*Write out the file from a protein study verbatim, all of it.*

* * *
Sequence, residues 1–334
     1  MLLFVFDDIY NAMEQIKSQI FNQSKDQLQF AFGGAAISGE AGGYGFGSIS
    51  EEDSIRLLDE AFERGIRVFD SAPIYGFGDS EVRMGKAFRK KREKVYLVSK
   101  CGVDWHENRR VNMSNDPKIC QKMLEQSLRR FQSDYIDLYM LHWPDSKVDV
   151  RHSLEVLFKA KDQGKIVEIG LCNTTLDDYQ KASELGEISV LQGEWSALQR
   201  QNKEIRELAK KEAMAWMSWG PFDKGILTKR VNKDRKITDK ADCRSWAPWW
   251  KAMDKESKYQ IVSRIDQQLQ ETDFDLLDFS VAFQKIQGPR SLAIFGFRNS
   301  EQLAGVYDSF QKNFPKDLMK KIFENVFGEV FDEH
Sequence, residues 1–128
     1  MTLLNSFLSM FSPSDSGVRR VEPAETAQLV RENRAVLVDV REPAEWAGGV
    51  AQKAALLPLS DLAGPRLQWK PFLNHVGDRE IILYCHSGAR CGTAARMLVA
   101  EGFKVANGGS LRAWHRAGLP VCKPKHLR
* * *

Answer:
Sequence, residues 1–334
     1  MLLFVFDDIY NAMEQIKSQI FNQSKDQLQF AFGGAAISGE AGGYGFGSIS
    51  EEDSIRLLDE AFERGIRVFD SAPIYGFGDS EVRMGKAFRK KREKVYLVSK
   101  CGVDWHENRR VNMSNDPKIC QKMLEQSLRR FQSDYIDLYM LHWPDSKVDV
   151  RHSLEVLFKA KDQGKIVEIG LCNTTLDDYQ KASELGEISV LQGEWSALQR
   201  QNKEIRELAK KEAMAWMSWG PFDKGILTKR VNKDRKITDK ADCRSWAPWW
   251  KAMDKESKYQ IVSRIDQQLQ ETDFDLLDFS VAFQKIQGPR SLAIFGFRNS
   301  EQLAGVYDSF QKNFPKDLMK KIFENVFGEV FDEH
Sequence, residues 1–128
     1  MTLLNSFLSM FSPSDSGVRR VEPAETAQLV RENRAVLVDV REPAEWAGGV
    51  AQKAALLPLS DLAGPRLQWK PFLNHVGDRE IILYCHSGAR CGTAARMLVA
   101  EGFKVANGGS LRAWHRAGLP VCKPKHLR